Staphylococcus aureus organisms and immobilized Staphylococcal protein A have been used as extracorporeal immunoadsorbents for the treatment of neoplastic disease. In a significant number of cases, a biologic response has been documented. This review analyzes the experimental results to date, correlates experimental design parameters with response to treatment, and discusses possible mechanisms of action. The evidence implicates protein A as the tumoricidal agent, although bacterial or complement components may act independently or synergistically. A more quantitative and fundamental approach is needed to exploit the potential for protein A immunoadsorption in treating neoplastic disease.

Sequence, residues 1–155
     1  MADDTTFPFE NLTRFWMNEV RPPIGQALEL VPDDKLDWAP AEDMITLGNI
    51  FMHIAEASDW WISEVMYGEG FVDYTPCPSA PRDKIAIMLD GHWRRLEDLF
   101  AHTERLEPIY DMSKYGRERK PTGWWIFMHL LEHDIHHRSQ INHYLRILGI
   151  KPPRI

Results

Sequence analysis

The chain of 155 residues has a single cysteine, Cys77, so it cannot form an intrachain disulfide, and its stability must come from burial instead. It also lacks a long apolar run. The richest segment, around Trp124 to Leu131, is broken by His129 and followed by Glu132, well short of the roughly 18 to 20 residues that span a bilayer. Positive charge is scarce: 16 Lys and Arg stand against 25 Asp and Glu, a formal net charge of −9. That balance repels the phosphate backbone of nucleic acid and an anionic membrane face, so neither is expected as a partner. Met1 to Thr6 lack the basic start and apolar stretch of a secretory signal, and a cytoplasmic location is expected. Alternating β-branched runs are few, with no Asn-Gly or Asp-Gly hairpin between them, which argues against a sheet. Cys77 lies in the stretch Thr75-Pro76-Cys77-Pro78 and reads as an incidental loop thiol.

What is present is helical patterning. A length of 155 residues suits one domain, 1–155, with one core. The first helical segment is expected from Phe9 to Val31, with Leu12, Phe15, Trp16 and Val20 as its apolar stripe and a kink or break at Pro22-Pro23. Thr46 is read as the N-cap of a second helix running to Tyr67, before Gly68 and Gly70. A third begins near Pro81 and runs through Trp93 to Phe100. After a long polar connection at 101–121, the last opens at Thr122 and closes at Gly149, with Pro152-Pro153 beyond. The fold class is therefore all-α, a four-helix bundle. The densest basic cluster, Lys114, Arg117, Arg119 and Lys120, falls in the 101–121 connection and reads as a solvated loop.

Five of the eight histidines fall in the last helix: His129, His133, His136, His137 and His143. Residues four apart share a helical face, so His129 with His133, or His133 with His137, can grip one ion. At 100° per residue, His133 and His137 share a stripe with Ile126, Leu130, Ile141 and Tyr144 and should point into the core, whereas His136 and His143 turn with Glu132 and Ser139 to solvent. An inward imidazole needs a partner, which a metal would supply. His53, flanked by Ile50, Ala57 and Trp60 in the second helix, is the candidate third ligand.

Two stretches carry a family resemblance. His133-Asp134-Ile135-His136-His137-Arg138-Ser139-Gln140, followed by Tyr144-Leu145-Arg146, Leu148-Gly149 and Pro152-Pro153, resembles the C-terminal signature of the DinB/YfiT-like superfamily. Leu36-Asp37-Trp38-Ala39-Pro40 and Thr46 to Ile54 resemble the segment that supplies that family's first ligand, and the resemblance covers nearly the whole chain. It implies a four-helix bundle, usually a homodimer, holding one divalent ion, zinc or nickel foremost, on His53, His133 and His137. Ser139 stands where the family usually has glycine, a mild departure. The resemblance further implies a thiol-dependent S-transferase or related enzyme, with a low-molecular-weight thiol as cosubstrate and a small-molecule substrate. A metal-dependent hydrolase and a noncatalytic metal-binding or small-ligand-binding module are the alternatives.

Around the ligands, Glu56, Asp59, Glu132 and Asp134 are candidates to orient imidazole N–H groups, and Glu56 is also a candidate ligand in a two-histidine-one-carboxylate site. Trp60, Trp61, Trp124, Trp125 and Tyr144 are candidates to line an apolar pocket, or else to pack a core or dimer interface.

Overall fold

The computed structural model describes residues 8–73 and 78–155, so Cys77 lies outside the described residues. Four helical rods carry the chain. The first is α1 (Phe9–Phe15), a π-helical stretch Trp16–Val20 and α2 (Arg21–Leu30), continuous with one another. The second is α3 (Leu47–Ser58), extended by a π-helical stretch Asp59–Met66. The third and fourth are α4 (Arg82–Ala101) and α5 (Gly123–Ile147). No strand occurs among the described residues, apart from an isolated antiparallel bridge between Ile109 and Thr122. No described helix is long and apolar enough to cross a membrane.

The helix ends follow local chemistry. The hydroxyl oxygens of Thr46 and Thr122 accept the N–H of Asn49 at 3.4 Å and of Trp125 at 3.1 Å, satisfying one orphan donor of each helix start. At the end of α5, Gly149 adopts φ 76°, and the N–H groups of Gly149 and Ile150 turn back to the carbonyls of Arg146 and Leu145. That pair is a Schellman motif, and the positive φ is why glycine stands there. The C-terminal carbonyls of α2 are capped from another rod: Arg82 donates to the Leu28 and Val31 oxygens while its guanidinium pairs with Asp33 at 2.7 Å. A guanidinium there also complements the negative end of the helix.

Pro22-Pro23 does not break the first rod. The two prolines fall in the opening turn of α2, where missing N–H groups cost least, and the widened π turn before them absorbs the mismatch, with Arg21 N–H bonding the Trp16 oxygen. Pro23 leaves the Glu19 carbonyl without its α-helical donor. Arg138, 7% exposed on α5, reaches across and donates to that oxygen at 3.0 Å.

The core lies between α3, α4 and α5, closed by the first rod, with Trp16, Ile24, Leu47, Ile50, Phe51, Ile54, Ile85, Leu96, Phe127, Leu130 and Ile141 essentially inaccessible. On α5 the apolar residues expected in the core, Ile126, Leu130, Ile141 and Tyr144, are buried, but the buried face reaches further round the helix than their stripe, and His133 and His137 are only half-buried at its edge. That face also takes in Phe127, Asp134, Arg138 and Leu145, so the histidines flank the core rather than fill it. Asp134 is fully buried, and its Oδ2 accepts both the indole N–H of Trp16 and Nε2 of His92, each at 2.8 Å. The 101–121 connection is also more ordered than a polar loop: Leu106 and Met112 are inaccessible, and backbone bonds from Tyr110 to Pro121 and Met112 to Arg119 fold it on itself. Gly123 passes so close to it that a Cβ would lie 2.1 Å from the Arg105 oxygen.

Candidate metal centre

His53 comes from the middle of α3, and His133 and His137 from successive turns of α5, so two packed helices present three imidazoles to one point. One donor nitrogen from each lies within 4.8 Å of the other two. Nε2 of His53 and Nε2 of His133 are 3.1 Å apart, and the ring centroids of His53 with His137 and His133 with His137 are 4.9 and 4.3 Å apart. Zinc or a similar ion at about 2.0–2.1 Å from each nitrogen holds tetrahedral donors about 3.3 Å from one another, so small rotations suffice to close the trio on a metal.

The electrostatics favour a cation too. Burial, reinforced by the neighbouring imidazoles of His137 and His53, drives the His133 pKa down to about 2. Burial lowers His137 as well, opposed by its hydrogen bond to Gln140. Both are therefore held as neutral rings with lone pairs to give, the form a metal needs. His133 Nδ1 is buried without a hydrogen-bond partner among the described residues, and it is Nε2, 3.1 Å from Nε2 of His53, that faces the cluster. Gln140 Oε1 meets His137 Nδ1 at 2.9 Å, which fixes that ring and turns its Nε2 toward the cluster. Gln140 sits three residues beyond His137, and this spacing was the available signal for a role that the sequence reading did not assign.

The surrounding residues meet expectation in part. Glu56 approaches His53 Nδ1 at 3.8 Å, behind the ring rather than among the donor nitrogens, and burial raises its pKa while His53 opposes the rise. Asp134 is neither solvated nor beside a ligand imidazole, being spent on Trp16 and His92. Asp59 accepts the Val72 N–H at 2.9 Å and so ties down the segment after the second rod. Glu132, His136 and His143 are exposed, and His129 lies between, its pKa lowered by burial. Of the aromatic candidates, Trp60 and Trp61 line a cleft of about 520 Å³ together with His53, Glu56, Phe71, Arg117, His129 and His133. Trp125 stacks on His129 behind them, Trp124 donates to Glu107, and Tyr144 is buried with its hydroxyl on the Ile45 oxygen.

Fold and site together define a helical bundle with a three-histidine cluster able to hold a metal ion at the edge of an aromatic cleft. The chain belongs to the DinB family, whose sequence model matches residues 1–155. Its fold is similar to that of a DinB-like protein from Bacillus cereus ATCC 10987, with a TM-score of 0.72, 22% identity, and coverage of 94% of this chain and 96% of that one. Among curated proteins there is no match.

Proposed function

|Original language||English (US)|
|Number of pages||22|
|State||Published - 1989|